I finally beat: Halo 3


I finally beat: Halo 3

This is a bit delayed, as I actually beat Halo 3 within two or three days of its launch.

Halo 3 is just the natural progression of Halo-ness. Halo may have revolutionized FPS with it’s two weapon system (How can I carry these 18 weapons at once? Where does that chainsaw GO when I pull out my Sniper Rifle, Pistol, Shotgun, and Assault Rifle) and Regenerating Health (I’m bleeding deep in enemy territory. Good thing there are all these bullet healing health packs lying around EVERYWHERE), and a fun Co-Op Campaign (Mobile Respawn Point) but the 3rd game should bring something new to the table. After all, that’s what Halo did to make itself so popular. Let’s split this into two parts: Campaign and Matchmaking.

The Campaign has a very weakly presented plot, but it wraps up the story started (and not even attempted to be ended) in Halo 2. The level design is decidedly better than Halo 1 and 2. Now, that is not saying much since those games had awful levels. Halo 1 had such poor design they copied and pasted the same room over and over again, and had arrows on the doors and floor so you could follow them in the correct direction and not get turned around. Needless to say, partway through the game you must backtrack and follow these arrows backwards. What makes this campaign fun is the fact it is now 4 player co-op over live (up to two people per console), and can have a score associated with it. Now you can track who is pulling their weight and who is just shooting grunts. Unlockable skulls and higher difficulties can continue the replayability and increase the crazy fun factor to make it less predictable. If you didn’t like the Halo campaigns before, this will do nothing to change your mind. However, if you enjoyed the splitscreen co-op available previously, then this is just expanded.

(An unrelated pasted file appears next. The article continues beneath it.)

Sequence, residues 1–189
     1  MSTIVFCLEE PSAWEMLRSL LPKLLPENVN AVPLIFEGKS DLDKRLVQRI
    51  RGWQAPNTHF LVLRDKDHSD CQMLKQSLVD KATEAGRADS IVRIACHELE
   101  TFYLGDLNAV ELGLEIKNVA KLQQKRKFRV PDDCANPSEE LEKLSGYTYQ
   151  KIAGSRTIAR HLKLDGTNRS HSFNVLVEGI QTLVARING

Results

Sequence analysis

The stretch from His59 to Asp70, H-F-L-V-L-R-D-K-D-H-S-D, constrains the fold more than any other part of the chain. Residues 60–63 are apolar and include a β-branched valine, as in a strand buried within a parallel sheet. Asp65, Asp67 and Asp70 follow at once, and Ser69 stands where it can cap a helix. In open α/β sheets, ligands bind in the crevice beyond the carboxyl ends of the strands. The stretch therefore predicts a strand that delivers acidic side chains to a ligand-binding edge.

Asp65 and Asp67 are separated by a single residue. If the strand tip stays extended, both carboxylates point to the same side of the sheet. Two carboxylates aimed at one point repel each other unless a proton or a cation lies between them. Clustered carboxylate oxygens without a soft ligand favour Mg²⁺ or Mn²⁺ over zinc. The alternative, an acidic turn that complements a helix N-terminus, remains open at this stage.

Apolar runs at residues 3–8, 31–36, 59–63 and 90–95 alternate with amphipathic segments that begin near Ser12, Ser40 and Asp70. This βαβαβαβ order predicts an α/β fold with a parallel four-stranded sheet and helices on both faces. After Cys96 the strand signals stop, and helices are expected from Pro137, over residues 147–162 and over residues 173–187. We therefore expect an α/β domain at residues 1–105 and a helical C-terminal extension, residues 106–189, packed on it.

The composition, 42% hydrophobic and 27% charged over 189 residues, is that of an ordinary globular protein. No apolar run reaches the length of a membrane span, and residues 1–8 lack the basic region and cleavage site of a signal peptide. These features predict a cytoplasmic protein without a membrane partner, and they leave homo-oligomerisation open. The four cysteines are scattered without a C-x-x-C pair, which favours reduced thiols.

Matchmaking is the real strength of the game. Halo 3 is the Lan Game of the Year. Back in the dorms, or in your basement, you may have lan’ed on the computer, but this is different. It is different because it is WAY easier. Everyone with a 360 has the system requirements necessary to “lan” halo 3. Your friends can be in their own houses to “lan” halo 3. And you can even have some friends over, those poor souls who do not have 360’s, to play splitscreen with you and bring them online to “lan” with you. Another great aspect is the extremely customizable rules. Forge has been touted in every review, but few mentioned the detail in which you can alter any behavior of any aspect of a play type. Combined with Forge to place respawn points and weapons and you can setup almost any game type you would like. Infection is one of my favorite modes. It started as a custom fan made ruleset of Halo 2, and is now officially supported in Halo 3. Zombies kill survivors until everyone is a zombie, or the time runs out.

I recommend Halo 3 to anyone with a 360. Not because the core mechanics are the best, (even that great). Not because it is a graphical powerhouss (it isn’t). Not because it has interesting characters and story (it doesn’t really, and they are really poorly directed in Halo 3). I recommend it because you can have friends over at your house AND play online. You can have more than 2 friends over and play online. You can even all be on the same team. It easily recreates the lan experience (pushing and trash talking the people next to you, or coordinating with them), while increasing that technology to allow you to connect to players around the world. Sure, Halo 2 did this, too. But Halo 2 was a bit more broken from a balance perspective and Xbox Live was not as prevalent. I knew just a couple of people who didn’t mod their Xbox’s and actually played on Live. Now, most of my friends have 360’s, and we can play whenever we coincidentally see each other online playing any other game, thanks to the 360’s (somewhat spotty recently) Live service.